In this time of increased political divisiveness and lack of confidence in our congressional representatives to work together and make effective decisions to run the country, finding evidence of compromise on an issue brings hope.
On September 28, 2018 a bill was signed into law that allocated $2.3 billion dollars to be included in the 2019 budget for Alzheimer’s and dementia research under the auspices of the National Institutes of health (NIH) . The congressional members who sponsored the bill included four Republicans, and four Democrats.
Alzheimer’s is indeed the most expensive disease in the country, costing an estimated $277 billion–including $186 billion in direct costs to medicare and medicaid–in 2018. As the number of those afflicted increases, so will the cost. There are 5 million Americans living with Alzheimer’s today; it is predicted this number will rise to 14 million by 2050. With the increase in funding, scientist are able to work at a faster pace to explore ways to reduce risks, develop drugs or other potential treatments to stop or slow the disease.
In 2011 the National Alzheimer’s Project Act (NAPA) was passed which focused on the need for resources for research and the needs of family caregivers with a goal to find effective treatment of Alzheimers/dementia by 2025. Since that time, the federal government has continued to be supportive. The monies allocated to NIH from 2011 to the present have quadrupled, and continue to be spent on research and programs to help caregivers.
Among the many groups that keep congress aware of the need for funding for Alzheimer’s and dementia, one group stands out. Alzheimer’s Impact Movement (AIM), the advocacy arm of the Alzheimer’s Association. The group is very active in keeping our representatives aware of what is needed to help those afflicted with Alzheimer’s and those who care for them, as well and working with government agencies that oversee the research and programs that impact dementia and Alzheimer’s.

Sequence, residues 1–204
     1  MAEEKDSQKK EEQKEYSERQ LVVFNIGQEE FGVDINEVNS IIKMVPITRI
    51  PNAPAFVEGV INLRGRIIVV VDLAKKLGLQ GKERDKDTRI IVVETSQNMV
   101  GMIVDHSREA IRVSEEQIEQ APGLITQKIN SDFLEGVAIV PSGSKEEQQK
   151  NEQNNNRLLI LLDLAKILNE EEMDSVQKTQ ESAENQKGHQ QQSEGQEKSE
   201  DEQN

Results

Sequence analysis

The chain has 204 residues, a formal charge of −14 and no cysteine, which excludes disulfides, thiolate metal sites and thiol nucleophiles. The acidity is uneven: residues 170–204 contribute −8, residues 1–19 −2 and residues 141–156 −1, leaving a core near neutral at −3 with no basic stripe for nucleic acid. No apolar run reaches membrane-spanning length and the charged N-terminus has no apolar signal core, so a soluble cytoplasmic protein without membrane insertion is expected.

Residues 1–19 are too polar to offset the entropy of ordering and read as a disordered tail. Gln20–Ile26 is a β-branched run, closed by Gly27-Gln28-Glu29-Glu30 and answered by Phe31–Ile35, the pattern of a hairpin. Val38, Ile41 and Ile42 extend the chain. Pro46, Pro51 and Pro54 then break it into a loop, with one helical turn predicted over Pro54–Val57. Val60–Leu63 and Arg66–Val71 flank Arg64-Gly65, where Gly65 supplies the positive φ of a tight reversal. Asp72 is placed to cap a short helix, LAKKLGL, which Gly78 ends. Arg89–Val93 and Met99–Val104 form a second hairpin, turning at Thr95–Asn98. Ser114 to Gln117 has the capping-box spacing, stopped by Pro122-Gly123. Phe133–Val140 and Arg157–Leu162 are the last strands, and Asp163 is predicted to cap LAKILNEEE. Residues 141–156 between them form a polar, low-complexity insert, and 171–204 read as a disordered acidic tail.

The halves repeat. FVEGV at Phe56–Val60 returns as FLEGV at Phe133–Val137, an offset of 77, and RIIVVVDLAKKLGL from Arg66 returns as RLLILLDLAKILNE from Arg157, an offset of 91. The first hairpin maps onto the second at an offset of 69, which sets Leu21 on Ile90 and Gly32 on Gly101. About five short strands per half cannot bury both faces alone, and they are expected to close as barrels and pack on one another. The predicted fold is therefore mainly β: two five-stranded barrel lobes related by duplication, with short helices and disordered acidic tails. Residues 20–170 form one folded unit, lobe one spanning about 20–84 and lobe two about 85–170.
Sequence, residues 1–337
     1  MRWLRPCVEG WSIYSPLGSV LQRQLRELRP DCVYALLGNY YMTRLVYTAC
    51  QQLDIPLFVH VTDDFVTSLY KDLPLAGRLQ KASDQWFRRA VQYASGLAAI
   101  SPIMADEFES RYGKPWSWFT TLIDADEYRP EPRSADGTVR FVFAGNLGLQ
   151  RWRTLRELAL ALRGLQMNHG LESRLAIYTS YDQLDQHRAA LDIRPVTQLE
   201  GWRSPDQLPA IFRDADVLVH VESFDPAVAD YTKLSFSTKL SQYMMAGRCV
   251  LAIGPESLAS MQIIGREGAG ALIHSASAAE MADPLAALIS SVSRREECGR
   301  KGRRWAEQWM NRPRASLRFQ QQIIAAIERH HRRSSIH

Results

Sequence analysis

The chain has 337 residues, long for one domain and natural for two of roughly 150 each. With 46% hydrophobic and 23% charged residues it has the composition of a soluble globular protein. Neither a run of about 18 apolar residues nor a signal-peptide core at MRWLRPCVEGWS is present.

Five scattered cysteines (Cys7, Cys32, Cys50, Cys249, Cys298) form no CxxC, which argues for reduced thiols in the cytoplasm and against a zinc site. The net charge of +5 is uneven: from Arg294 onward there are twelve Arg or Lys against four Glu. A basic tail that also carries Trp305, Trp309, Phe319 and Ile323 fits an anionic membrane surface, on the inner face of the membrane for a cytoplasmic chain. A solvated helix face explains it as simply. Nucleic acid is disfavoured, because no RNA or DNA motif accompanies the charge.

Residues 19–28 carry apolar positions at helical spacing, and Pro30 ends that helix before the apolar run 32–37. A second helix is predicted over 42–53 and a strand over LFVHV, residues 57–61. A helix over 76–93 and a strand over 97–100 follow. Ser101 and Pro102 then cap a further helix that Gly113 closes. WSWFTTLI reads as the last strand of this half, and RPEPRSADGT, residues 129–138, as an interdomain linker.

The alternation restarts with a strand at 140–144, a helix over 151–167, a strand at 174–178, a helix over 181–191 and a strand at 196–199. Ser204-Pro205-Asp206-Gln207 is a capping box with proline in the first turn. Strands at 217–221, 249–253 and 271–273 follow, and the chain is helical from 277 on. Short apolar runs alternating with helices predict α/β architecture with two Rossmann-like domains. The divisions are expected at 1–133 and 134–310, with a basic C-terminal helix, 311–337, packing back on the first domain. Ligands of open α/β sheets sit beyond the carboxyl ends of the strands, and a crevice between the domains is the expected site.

AIM federal goals are:
Increase the Commitment to Alzheimer’s Research
Build an Alzheimer’s Public Health Infrastructure
Educate Providers on Palliative and Hospice Care
State policy is also vital to the work that the Alzheimer’s Association is doing to meet the needs of individuals living with Alzheimer’s and their families. State officials determine regulatory and statutory standards for dementia training, control spending on state respite care dollars, designate spending for state long-term care services, and control Medicaid spending which can affect eligibility and scope of benefits – all of which can have a direct effect on families impacted by Alzheimer’s disease.
AIM state goals are:
Implement and update state Alzheimer’s disease plans
Improve dementia training
Increase early detection and diagnosis of Alzheimer’s
Educate the public about risk reduction
Aim was very active in the last election and seeks volunteers on a continuous basis to meet with local representatives, engage on social media, coordinate events, draft ‘letters to the editor’ or assist in other ways to bring awareness to the effects of Alzheimer’s.
To find out more about AIM or learn how you can volunteer go to alzimpact.org